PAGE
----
But my pleas on their behalf just didn’t cut the mustard—these people were toast.
I believe that was a major moral crossroads in my life, one which led to skepticism regarding the tenets of not just Catholicism, but any religion. Skepticism, in fact, not only for an unjust religion in general, but eventually anything supernatural. It all just started to seem like nothing but myth, with no basis in fact.
I would say I have a very down-to-earth personality, one which responds well to logic and reason. I was always interested in science, particularly biology, physics, and astronomy. My putting aside of religion came about slowly, over a long period of time, I now know, in which I wasn’t really aware of what was happening. The process followed on the heels of my skepticism and I just began to believe less and less in any type of religious teachings, without thinking too much about this sea change in me. Any kind of faith that required unconditional belief in supernatural beings—simply because it was written in a book—seemed puerile and lacking. Anecdotal evidence based on revelation and dogma just wasn’t good enough for me.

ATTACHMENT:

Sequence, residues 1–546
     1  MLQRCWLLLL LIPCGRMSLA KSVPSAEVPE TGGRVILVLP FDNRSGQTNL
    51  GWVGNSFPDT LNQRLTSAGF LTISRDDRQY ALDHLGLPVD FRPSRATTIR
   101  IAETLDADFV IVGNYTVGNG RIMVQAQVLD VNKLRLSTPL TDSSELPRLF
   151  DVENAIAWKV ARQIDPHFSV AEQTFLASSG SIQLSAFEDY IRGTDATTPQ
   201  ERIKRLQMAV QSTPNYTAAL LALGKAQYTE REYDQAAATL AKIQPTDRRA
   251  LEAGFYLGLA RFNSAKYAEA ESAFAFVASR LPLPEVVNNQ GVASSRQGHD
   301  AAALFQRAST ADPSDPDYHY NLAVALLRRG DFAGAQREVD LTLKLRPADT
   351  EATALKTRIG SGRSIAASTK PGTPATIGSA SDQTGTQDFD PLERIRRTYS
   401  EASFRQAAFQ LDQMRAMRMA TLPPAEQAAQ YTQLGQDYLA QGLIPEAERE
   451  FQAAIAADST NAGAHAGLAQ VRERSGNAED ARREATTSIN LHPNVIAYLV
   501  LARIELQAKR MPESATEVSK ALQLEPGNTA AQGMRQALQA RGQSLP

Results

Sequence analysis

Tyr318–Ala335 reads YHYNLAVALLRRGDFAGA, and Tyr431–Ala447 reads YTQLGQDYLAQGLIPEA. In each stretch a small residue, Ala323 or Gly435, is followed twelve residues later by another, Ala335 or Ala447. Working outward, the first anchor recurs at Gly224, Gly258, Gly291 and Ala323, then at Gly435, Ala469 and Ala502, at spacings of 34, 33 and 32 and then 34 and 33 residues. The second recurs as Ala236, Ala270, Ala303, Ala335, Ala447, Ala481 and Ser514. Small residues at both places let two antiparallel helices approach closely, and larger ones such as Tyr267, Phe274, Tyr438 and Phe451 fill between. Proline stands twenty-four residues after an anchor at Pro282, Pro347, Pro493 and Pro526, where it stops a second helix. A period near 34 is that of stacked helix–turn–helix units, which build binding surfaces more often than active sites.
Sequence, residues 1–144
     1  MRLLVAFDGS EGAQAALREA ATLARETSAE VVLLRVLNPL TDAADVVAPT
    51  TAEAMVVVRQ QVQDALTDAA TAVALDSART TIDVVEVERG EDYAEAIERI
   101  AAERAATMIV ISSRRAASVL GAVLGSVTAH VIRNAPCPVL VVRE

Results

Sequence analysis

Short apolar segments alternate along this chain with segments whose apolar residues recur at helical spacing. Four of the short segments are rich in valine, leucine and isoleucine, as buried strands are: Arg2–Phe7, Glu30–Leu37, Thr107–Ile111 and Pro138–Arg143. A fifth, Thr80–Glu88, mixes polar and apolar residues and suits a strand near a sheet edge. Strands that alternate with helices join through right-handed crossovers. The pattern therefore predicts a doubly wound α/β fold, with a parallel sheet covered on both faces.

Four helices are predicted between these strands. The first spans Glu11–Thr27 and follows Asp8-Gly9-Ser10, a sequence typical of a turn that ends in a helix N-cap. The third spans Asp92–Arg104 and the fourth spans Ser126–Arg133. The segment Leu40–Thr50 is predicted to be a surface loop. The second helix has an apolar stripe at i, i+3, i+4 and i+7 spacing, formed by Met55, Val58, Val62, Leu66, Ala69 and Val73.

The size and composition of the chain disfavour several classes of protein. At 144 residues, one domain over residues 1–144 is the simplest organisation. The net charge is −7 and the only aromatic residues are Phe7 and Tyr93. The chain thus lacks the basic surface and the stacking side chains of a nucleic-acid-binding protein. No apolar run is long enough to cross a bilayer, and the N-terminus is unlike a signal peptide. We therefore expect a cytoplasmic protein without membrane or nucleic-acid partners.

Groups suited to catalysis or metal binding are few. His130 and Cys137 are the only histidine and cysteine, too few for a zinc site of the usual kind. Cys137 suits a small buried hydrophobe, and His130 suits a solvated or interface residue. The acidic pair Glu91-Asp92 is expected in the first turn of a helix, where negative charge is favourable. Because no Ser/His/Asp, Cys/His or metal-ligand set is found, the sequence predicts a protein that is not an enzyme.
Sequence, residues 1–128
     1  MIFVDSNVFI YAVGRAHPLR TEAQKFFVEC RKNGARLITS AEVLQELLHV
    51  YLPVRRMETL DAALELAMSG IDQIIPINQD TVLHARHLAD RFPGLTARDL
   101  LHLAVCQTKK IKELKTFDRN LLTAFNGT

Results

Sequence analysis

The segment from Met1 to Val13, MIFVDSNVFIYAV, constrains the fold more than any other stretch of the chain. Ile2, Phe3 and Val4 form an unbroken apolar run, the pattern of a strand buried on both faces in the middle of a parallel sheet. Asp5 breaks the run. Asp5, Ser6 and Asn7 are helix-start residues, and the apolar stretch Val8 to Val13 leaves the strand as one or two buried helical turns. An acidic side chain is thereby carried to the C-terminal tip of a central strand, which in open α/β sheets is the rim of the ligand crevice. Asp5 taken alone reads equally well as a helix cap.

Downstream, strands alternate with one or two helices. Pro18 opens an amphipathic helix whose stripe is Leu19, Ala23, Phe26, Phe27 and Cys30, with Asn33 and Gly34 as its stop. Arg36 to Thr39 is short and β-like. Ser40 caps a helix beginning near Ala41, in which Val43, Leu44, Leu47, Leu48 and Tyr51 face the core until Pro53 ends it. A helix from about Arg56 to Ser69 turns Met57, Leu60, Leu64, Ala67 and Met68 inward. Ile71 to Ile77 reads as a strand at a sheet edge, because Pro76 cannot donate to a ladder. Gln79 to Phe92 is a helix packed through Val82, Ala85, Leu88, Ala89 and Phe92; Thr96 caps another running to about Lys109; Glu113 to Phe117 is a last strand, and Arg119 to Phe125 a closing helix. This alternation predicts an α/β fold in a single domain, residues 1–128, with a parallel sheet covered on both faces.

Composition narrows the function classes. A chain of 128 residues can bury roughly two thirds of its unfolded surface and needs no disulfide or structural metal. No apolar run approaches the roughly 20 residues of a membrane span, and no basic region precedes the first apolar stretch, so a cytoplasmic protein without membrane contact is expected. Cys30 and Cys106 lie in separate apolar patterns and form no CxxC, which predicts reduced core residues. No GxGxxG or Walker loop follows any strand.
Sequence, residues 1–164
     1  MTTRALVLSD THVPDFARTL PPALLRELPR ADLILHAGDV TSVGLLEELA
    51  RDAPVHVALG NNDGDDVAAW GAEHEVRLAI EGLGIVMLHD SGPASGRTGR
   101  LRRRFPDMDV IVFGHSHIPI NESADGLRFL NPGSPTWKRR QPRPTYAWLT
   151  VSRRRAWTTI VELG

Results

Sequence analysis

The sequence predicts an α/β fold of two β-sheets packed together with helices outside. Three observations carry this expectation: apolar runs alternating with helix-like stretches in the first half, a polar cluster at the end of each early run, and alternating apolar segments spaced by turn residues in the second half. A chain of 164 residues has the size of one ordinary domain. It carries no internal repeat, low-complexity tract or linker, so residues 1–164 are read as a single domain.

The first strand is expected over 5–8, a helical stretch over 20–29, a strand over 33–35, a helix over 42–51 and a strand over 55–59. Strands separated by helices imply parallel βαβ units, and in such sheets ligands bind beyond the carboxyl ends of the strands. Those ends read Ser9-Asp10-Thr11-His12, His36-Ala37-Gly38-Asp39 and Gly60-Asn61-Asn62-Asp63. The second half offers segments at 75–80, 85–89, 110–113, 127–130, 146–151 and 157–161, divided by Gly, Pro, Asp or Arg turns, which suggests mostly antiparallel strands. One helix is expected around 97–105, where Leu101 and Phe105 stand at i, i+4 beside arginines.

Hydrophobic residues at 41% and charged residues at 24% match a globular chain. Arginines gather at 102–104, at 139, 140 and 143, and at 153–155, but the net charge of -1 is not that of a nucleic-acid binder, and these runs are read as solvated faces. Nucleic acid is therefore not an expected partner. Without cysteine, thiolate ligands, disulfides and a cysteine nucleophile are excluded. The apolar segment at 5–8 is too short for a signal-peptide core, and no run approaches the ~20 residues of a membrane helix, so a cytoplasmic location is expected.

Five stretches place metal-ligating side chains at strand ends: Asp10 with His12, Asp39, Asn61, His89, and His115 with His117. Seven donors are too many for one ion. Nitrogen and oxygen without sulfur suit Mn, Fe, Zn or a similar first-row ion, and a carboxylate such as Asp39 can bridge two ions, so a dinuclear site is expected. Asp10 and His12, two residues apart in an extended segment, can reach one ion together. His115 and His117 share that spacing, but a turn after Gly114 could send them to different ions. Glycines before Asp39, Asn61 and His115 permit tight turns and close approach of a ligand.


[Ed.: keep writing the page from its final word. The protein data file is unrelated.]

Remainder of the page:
Throughout history, many disparate and diverse societies had believed in one god or another, worshiping them and even sacrificing to them on a regular basis. There was a time when people believed in Odin and Thor, Zeus, or Apollo. The Ancient Egyptians believed in the sun god, Ra. Reams of literature had been written about each of these deities. I began to realise that if you used the premise that there’s only one god, that your religion is the truth and that all others are false because it’s written so in your sacred book, then the same premise can also be used to explain a whole pantheon of gods (as was the case for pre-Christian Roman society, and even some extant religions such as Hinduism). How could one claim a monopoly on the truth, based on questionable revelation and dubious translation of ancient texts, when other religions could make an equally valid claim? This way of thinking seemed somehow intrinsically flawed.
Aside from these discrepancies I associated with religion, I came to realise I had a problem with how divisive it was, how inhumane and uncaring many of its practitioners were in contrast to the central thrust of its teachings. If anything, religion and its followers were—in the main—more tribal and protective of their beliefs, rather than tolerant and compassionate towards others who held different, or opposing, views. And yet the basic tenets of these beliefs were supposedly based on compassion, and an adherence to a set of high moral standards and guidelines.